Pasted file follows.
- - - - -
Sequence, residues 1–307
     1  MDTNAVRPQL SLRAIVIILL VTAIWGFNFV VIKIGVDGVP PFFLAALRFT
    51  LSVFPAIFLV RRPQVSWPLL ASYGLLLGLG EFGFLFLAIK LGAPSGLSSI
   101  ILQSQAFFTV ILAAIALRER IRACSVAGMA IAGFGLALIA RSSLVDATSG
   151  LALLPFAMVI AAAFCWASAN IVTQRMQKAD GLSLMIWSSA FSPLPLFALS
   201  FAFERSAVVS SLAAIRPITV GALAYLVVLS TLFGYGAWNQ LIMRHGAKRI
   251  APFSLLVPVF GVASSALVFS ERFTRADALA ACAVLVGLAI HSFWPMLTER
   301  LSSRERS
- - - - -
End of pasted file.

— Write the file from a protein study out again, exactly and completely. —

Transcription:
Sequence, residues 1–307
     1  MDTNAVRPQL SLRAIVIILL VTAIWGFNFV VIKIGVDGVP PFFLAALRFT
    51  LSVFPAIFLV RRPQVSWPLL ASYGLLLGLG EFGFLFLAIK LGAPSGLSSI
   101  ILQSQAFFTV ILAAIALRER IRACSVAGMA IAGFGLALIA RSSLVDATSG
   151  LALLPFAMVI AAAFCWASAN IVTQRMQKAD GLSLMIWSSA FSPLPLFALS
   201  FAFERSAVVS SLAAIRPITV GALAYLVVLS TLFGYGAWNQ LIMRHGAKRI
   251  APFSLLVPVF GVASSALVFS ERFTRADALA ACAVLVGLAI HSFWPMLTER
   301  LSSRERS